Source: Greenwich Graphic: Saturday, May 8, 1890. 3rd Page.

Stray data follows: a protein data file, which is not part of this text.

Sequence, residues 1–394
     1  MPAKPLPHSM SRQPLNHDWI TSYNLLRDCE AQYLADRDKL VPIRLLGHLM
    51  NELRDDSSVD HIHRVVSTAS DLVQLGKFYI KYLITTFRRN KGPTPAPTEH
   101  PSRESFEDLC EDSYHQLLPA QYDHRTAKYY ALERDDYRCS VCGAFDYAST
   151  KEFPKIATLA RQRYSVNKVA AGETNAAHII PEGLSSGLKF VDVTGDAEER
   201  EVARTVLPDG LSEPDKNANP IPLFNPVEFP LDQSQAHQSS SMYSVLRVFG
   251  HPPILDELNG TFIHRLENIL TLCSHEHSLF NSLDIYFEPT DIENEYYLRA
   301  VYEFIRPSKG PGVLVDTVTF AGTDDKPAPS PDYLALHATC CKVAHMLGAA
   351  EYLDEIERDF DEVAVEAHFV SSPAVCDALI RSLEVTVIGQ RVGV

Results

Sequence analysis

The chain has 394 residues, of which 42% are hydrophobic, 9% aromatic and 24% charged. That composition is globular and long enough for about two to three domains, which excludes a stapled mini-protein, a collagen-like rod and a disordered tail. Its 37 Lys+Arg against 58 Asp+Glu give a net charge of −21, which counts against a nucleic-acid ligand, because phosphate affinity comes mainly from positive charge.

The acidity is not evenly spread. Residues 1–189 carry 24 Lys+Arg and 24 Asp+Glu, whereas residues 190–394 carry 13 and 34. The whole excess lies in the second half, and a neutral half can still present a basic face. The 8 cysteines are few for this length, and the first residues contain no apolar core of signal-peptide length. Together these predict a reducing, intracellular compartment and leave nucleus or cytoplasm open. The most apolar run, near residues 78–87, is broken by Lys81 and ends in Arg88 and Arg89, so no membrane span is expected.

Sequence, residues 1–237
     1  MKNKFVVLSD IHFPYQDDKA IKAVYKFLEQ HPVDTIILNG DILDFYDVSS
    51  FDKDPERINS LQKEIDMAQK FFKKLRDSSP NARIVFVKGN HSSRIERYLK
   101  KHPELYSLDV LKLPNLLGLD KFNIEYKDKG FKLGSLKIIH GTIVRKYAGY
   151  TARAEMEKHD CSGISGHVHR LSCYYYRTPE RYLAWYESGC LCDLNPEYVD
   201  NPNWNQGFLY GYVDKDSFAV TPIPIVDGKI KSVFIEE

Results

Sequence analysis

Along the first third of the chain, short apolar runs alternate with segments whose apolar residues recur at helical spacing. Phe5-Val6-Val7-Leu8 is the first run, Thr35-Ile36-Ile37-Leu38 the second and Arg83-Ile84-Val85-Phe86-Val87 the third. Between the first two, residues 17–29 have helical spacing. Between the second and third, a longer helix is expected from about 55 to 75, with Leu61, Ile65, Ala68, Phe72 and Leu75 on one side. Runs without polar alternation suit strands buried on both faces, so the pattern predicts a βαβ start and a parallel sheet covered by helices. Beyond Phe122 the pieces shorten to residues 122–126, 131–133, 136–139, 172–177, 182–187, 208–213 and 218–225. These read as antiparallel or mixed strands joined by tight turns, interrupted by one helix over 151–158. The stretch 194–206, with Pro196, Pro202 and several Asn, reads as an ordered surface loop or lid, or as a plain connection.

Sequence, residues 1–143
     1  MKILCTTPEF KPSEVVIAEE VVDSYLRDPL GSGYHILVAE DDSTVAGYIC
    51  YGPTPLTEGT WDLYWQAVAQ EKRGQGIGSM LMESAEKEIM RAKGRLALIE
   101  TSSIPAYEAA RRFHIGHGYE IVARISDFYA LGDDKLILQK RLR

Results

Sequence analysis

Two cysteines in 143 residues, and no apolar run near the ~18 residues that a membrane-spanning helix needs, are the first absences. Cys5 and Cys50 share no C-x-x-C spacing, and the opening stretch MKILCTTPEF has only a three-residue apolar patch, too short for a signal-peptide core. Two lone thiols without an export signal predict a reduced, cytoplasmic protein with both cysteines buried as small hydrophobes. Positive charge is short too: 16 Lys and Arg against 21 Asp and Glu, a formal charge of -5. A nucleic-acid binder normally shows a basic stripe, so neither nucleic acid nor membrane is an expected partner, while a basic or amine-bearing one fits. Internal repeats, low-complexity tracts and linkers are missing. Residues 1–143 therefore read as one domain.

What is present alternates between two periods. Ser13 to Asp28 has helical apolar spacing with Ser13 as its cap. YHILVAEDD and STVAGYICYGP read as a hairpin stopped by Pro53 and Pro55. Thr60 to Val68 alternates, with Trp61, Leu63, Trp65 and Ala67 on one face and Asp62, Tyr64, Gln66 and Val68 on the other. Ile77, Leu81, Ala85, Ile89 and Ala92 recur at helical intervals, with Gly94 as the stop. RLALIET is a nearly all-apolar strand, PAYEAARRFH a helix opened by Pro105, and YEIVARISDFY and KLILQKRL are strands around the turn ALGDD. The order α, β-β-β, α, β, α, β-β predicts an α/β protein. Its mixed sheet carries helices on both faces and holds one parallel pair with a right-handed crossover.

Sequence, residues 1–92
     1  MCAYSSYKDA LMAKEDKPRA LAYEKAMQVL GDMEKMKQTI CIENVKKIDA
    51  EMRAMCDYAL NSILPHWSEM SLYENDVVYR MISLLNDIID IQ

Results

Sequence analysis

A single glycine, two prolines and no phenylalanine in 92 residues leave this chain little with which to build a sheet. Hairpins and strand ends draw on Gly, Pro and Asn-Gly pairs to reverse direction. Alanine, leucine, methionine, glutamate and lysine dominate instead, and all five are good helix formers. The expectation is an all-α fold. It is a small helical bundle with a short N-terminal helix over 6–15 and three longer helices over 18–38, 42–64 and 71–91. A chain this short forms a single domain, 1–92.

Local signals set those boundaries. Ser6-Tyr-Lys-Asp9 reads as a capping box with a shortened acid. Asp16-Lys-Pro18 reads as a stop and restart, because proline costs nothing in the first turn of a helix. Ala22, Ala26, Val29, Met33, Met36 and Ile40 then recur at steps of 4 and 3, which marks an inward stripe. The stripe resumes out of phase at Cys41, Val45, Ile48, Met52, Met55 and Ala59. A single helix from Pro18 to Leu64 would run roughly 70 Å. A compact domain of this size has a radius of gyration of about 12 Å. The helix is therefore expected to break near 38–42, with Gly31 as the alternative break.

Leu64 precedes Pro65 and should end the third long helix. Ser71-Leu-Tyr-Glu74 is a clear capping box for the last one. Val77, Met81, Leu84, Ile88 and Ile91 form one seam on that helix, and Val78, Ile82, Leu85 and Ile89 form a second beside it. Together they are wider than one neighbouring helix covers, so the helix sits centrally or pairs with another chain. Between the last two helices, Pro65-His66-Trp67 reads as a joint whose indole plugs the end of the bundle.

Tin weddings are usually very pleasant affairs, and that of Mr. and Mrs. S. Irving Mead which was celebrated on Tuesday evening at their residence near Stanwich, was no exception to this rule. About thirty people were warmly received, and hospitality entertained by Mr. and Mrs. Mead on that evening. Many more had been invited, but owing to sickness and other causes were unable to attend. The evening was spent in social pleasures customary at such times. A bountiful collation was spread, enough for three times the number of people present. Mr. and Mrs. Mead received many letter of congratulations, and they were wished "many happy returns of the day" in messages from those unable to be present. They also received many pleasant remembrances, mostly ___ as befitting the occasion, such as tin spice boxes filled with spice from Mr. and Mrs. C. Mead; a tin pan filled with cut flowers from their bachelor friend Mr. W.J. Mead, Jr.; a tin cake box filled with cake from Mr. and Mrs. Will J. Mead; a parlor lamp, not tin from Mr. and Mrs. Smith Fowler; a cake basket from Mr. and Mrs. Colgrove; a patent dripping pan from rev. and Mrs. Potter; a bread raiser, a big tin one, from Dr. B.E. Mead; a night lamp from Mr. and Mrs. E reynolds; some tin ware from Miss S. Hubbard, a hand painted tin plaque from Miss Finch; a porcelain coffee pot, from Mr. and Mrs. L. ferris; some spice boxes from Miss S. Reynolds; tin syrup cup from Mr. and Mrs. Farrington; a sugar spoon from Miss G. Snyder, and numerous other articles from friends such as, jelly glasses, glass tea set, soap shaker, etc. The guests on their departure expressed themselves to the host and hostesses having spent a pleasant evening, and hoped that they would live to celebrate their golden and diamond weddings.